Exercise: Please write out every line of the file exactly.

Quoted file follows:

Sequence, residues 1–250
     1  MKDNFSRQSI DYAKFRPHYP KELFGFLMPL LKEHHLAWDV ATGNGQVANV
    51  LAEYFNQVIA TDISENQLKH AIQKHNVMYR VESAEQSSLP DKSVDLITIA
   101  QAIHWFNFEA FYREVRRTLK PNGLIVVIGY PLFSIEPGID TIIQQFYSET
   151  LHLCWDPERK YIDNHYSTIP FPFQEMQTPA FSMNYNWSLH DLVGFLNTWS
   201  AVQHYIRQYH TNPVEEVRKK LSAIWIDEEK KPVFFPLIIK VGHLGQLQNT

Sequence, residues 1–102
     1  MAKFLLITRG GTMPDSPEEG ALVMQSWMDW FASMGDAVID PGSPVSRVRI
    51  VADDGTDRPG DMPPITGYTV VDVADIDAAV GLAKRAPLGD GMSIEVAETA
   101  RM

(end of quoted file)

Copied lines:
Sequence, residues 1–250
     1  MKDNFSRQSI DYAKFRPHYP KELFGFLMPL LKEHHLAWDV ATGNGQVANV
    51  LAEYFNQVIA TDISENQLKH AIQKHNVMYR VESAEQSSLP DKSVDLITIA
   101  QAIHWFNFEA FYREVRRTLK PNGLIVVIGY PLFSIEPGID TIIQQFYSET
   151  LHLCWDPERK YIDNHYSTIP FPFQEMQTPA FSMNYNWSLH DLVGFLNTWS
   201  AVQHYIRQYH TNPVEEVRKK LSAIWIDEEK KPVFFPLIIK VGHLGQLQNT

Sequence, residues 1–102
     1  MAKFLLITRG GTMPDSPEEG ALVMQSWMDW FASMGDAVID PGSPVSRVRI
    51  VADDGTDRPG DMPPITGYTV VDVADIDAAV GLAKRAPLGD GMSIEVAETA
   101  RM